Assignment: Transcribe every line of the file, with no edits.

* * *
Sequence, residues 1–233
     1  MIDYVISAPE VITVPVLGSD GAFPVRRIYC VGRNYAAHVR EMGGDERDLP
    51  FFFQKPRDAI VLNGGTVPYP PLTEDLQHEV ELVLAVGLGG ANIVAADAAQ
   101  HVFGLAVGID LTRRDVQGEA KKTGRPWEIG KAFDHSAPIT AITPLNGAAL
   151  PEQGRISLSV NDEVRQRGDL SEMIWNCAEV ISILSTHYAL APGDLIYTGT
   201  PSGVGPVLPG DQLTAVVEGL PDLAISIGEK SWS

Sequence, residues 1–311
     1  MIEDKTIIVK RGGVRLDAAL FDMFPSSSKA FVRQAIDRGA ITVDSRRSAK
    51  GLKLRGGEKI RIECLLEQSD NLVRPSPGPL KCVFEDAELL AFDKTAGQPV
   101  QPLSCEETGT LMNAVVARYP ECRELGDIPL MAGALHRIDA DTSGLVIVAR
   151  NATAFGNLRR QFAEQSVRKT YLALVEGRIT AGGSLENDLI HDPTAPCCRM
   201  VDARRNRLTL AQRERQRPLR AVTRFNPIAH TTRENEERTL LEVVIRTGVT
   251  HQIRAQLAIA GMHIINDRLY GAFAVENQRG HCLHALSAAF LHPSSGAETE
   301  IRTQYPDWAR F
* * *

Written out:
Sequence, residues 1–233
     1  MIDYVISAPE VITVPVLGSD GAFPVRRIYC VGRNYAAHVR EMGGDERDLP
    51  FFFQKPRDAI VLNGGTVPYP PLTEDLQHEV ELVLAVGLGG ANIVAADAAQ
   101  HVFGLAVGID LTRRDVQGEA KKTGRPWEIG KAFDHSAPIT AITPLNGAAL
   151  PEQGRISLSV NDEVRQRGDL SEMIWNCAEV ISILSTHYAL APGDLIYTGT
   201  PSGVGPVLPG DQLTAVVEGL PDLAISIGEK SWS

Sequence, residues 1–311
     1  MIEDKTIIVK RGGVRLDAAL FDMFPSSSKA FVRQAIDRGA ITVDSRRSAK
    51  GLKLRGGEKI RIECLLEQSD NLVRPSPGPL KCVFEDAELL AFDKTAGQPV
   101  QPLSCEETGT LMNAVVARYP ECRELGDIPL MAGALHRIDA DTSGLVIVAR
   151  NATAFGNLRR QFAEQSVRKT YLALVEGRIT AGGSLENDLI HDPTAPCCRM
   201  VDARRNRLTL AQRERQRPLR AVTRFNPIAH TTRENEERTL LEVVIRTGVT
   251  HQIRAQLAIA GMHIINDRLY GAFAVENQRG HCLHALSAAF LHPSSGAETE
   301  IRTQYPDWAR F